Komische Oper Berlin

In 2012, Barrie Kosky took over from Andreas Homoki as the Artistic Director of the Komische Oper Berlin. He was joined by Henrik Nánási, the new General Music Director. The Komische Oper Berlin is versatile and flexible to a degree which is unusual for an opera house. This and the fixed ensemble of singer-performers are key characteristics of the Komische Oper Berlin under Kosky’s directorship. Kosky’s conceptual approach draws not only on the tradition set by Felsenstein, but also on the venue’s pre-war traditions, which were strongly shaped by Jewish actors and have hitherto received less attention. Felsenstein’s vision of opera as a form of musical theatre in which music and action are equally important components of a production is combined by Kosky with the demand that musical theatre should provide an experience which appeals to all the senses and which encompasses musical drama in all its forms, from the classic Mozart repertoire through to genre-defying projects.

Behrenstraße 55-57, 10117 Berlin, Germany


Working - Komische Oper Berlin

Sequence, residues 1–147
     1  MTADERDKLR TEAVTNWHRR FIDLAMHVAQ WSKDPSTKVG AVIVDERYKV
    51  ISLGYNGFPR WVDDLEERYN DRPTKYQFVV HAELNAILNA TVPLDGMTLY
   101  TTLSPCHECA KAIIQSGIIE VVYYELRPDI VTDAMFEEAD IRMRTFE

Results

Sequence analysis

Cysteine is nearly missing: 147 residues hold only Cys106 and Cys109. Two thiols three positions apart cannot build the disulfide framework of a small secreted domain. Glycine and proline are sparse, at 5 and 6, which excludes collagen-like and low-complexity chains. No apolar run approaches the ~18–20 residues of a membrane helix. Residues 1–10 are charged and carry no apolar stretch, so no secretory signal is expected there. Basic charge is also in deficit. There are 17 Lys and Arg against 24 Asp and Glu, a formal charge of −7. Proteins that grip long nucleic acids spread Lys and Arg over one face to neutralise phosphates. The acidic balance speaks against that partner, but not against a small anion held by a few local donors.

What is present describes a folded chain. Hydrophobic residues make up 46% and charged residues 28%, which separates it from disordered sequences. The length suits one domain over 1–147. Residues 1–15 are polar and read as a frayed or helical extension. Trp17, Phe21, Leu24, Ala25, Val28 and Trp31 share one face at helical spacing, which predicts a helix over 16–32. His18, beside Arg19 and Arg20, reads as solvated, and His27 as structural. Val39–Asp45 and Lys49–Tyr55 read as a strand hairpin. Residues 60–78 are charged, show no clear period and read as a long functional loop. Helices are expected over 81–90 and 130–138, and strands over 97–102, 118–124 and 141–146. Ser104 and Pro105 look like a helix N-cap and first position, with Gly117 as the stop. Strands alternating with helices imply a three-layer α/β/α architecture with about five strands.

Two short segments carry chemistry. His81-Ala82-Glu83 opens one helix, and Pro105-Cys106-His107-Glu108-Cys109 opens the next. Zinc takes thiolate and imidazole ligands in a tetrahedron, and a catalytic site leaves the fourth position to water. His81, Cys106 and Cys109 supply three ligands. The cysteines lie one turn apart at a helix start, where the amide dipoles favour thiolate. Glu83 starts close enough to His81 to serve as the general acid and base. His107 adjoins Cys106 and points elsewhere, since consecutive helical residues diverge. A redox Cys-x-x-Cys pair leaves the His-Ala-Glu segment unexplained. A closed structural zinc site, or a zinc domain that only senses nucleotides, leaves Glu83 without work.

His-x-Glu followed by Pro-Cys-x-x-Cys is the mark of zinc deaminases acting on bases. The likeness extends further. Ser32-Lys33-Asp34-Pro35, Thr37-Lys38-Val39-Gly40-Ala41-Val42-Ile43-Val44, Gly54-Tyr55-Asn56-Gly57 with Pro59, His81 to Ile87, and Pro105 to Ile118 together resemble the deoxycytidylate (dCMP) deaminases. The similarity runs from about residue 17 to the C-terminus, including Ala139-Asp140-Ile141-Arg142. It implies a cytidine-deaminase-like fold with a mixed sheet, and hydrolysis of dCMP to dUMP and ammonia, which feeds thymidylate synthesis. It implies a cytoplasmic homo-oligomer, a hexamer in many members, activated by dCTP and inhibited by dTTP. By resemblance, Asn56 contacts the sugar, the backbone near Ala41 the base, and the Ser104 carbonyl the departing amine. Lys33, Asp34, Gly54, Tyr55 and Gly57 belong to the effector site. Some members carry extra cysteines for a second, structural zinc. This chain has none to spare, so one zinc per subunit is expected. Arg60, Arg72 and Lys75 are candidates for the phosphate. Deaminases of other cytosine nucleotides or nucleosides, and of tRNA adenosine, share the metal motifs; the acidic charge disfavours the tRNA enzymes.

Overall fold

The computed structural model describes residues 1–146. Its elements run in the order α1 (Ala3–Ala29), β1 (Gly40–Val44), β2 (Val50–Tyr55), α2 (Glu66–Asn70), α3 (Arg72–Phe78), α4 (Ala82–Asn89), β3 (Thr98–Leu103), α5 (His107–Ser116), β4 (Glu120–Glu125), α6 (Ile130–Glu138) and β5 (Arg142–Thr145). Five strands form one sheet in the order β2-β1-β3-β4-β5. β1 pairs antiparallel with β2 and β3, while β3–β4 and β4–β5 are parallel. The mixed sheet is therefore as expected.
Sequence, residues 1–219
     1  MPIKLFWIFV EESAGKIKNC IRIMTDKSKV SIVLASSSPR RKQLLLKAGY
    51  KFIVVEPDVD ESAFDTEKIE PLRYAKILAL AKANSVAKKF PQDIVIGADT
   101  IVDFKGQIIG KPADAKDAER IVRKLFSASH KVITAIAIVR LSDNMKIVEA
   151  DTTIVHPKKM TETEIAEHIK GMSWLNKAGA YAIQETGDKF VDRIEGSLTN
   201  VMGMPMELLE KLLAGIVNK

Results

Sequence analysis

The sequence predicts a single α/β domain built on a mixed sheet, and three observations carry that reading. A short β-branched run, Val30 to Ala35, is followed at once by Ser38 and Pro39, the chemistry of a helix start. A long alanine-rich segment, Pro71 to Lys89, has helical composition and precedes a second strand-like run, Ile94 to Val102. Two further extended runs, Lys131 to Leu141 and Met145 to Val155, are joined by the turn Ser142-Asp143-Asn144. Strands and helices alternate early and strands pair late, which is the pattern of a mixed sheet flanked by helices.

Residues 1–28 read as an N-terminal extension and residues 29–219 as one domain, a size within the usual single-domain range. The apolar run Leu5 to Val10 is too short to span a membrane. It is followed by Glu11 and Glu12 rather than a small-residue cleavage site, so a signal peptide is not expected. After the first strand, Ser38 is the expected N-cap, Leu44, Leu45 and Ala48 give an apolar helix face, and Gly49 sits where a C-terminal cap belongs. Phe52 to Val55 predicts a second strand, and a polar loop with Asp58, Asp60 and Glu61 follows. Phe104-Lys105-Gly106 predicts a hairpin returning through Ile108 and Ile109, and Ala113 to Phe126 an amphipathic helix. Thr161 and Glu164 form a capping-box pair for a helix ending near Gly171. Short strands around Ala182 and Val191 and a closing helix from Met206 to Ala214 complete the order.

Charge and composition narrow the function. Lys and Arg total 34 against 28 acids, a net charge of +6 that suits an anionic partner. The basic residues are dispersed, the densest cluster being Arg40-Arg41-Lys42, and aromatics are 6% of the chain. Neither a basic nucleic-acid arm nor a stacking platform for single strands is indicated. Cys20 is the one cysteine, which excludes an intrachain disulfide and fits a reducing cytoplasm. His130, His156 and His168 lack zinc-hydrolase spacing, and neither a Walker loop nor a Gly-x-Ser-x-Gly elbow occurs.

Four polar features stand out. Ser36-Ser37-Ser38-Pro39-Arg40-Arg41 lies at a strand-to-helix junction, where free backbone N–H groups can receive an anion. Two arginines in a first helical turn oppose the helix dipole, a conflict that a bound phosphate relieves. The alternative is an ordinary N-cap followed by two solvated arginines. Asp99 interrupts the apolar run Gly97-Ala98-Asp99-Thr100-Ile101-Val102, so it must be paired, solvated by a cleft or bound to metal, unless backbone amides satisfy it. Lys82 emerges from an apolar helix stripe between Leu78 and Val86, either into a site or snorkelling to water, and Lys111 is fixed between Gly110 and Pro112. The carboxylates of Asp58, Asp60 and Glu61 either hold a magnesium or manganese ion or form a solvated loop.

Working - Komische Oper Berlin Working - Komische Oper Berlin Working - Komische Oper Berlin

Operas (1)



It’s all hustle and bustle at the Sorochintsy Fair. The operatic and comic rarity by Mussorgsky is for the first time in seventy years back at the Komische Oper and in Berlin – directed by Barrie Kosky and conducted by Henrik Nánási. Enjoy the premiere live on THE OPERA PLATFORM.

Komische Oper Berlin: Jewgeni Onegin

Komische Oper | YEVGENIY ONEGIN - final scene

‘One of the greatest unhappy love stories of operatic literature’ says director, Barrie Kosky, about YEVGENIY ONEGIN. He directed a new production of the Tshaikovsky opera at the Komische Oper Berlin in January 2016.

Komische Oper

Since the construction of the venue in Behrenstraße (which opened as the “Theater unter den Linden” in 1892), the Komische Oper Berlin has at various times been a consistent international trend-setter in the world of musical theatre. As the leading theatre for operettas and revues in the 1920s, it fundamentally shaped the Berlin, and hence international, entertainment scene. Following the Second World War, Walter Felsenstein’s concept of musical theatre revolutionised European opera, and to this day it remains an important point of reference for the great majority of musical theatre directors seeking to be contemporary in their work. This inspirational international influence as a trend-setter in innovative musical theatre is reflected in the many artistic careers which began at the Komische Oper Berlin – including those of the directors Götz Friedrich and Harry Kupfer as well as the conductors Otto Klemperer, Kurt Masur, Yakov Kreizberg, and Kirill Petrenko.

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